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Ontario speeds up alcohol sales expansion to grocery, convenience stores, launching in August 2024

Ontario is expanding where booze can be sold in move to modernize alcohol retail market. UNSPLASH PHOTO

Ontario is accelerating its plan to expand alcohol sales in the province in grocery and convenience stores, with Premier Doug Ford announcing an earlier rollout set to start on Aug. 1 of this year.

The move is accompanied by up to $225 million in public funding for The Beer Store to help ease the transition.

Ford announced last year that beer, wine, cider and ready-to-drink cocktails would be available in convenience stores and all grocery stores by 2026. However, the phased expansion will now begin this summer.

As of Aug. 1, licensed grocery stores that currently sell beer, cider, and wine will also be permitted to sell ready-to-drink cocktails and large-pack sizes like 30-packs. Following that, from Sept. 5, eligible convenience stores will be able to sell beer, cider, wine and ready-to-drink cocktails. By Oct. 31, all grocery and big-box stores will be allowed to sell these products, including in large pack sizes. The change will ultimately introduce up to 8,500 new locations where Ontarians can purchase alcohol, a statement reads.

“We are delivering on our commitment to give consumers in Ontario the choice and convenience every other Canadian enjoys and we’re doing so even sooner than we had originally promised,” Ford said in a statement. “In the coming weeks and months, people in Ontario, like many Canadians across the country, will have the option to responsibly and conveniently purchase a case of beer or a bottle of wine on their way up to the cottage or to a summer barbecue, all while having even more opportunity to support local Ontario breweries and wineries.”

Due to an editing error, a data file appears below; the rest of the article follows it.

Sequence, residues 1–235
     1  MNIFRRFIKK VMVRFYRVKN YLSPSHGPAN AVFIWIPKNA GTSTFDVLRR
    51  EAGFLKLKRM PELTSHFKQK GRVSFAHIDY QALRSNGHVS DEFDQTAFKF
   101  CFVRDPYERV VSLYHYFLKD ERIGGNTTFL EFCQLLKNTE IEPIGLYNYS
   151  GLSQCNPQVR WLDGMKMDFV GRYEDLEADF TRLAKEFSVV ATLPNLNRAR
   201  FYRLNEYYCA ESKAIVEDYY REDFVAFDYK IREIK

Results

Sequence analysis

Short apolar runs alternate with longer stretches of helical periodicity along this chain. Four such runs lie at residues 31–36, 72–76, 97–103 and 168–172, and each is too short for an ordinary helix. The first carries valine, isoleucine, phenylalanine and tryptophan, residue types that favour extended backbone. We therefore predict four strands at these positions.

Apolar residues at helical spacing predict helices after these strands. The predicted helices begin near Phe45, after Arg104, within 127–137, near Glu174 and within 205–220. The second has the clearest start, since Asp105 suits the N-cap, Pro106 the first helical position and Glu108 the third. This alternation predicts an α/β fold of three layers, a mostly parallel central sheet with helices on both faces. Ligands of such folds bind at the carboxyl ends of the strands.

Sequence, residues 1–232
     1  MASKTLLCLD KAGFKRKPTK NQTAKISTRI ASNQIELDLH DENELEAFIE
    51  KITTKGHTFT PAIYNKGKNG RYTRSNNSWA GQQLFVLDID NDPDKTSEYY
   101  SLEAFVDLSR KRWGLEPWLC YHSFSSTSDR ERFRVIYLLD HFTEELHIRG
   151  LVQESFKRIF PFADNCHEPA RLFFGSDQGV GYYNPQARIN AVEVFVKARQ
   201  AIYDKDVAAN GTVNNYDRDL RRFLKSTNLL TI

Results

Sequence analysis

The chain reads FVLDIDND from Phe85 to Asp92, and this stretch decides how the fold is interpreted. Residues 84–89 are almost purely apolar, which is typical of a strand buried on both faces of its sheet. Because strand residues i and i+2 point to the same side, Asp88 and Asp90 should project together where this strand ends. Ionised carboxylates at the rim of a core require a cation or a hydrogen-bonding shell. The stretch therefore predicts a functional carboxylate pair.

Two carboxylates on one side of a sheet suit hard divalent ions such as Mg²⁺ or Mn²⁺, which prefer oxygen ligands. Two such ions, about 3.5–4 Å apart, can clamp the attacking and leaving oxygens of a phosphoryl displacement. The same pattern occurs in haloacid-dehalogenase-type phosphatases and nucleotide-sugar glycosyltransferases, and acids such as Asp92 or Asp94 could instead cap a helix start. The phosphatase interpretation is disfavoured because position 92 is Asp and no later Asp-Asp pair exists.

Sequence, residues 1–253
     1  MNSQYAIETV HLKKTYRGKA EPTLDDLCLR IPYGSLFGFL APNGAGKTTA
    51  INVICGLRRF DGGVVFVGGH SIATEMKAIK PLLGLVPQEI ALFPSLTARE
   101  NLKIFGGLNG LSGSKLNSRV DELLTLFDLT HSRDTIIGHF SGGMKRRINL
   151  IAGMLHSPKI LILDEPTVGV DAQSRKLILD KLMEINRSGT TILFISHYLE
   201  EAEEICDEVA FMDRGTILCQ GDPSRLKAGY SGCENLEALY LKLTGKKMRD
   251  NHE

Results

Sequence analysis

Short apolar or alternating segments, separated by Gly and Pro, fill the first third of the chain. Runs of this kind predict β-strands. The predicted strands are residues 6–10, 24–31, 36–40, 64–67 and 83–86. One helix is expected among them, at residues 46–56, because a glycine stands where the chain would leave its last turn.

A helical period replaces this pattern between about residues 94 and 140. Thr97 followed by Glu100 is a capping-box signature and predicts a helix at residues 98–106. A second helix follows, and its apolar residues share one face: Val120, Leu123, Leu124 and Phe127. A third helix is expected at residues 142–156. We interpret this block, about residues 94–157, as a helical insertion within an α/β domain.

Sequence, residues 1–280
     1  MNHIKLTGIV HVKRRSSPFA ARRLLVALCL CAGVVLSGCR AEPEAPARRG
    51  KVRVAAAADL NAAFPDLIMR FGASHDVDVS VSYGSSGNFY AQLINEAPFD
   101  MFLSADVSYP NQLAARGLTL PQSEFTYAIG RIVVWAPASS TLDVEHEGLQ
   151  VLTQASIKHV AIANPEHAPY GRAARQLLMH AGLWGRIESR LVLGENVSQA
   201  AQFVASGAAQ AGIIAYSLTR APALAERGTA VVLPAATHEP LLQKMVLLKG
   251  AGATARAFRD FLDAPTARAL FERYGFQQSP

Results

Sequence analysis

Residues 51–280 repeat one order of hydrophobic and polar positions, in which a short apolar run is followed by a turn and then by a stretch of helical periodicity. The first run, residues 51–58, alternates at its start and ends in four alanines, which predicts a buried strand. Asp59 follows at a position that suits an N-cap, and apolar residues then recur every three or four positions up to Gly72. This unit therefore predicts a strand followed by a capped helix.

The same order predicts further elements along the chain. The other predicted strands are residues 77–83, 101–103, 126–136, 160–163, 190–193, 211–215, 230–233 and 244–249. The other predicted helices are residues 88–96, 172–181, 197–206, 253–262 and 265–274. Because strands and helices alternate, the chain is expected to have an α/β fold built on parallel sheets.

Terms of the deal

The Beer Store, which held exclusive rights to sell 12- and 24-packs of beer under an agreement with the former Liberal government, will receive up to $225 million as part of an “early implementation agreement.” 

The funding will support the transition, including keeping stores open, protecting jobs and maintaining the recycling and bottle return program until at least 2031.

The Liquor Control Board of Ontario (LCBO) will remain the sole retailer of high-alcohol spirits and will continue to act as a wholesaler. Retailers will receive an interim wholesale discount of 10 per cent from the LCBO’s basic retail price until 2026.

“Our responsible and balanced approach treats Ontario consumers like adults by giving them more choice and convenience, while also supporting Ontario retailers, domestic producers, and workers in the alcohol industry. As we launch this new marketplace, we will continue to meet, consult, and work closely with industry partners, local beverage alcohol producers, and other stakeholders,” says Minister of Finance Peter Bethlenfalvy.

The Alcohol and Gaming Commission of Ontario will oversee the licensing of retailers and enforce stricter penalties for infractions. Retailers whose licences are revoked will face a two-year ban on reapplying. Additionally, the government is allocating $10 million over five years to support social responsibility initiatives.

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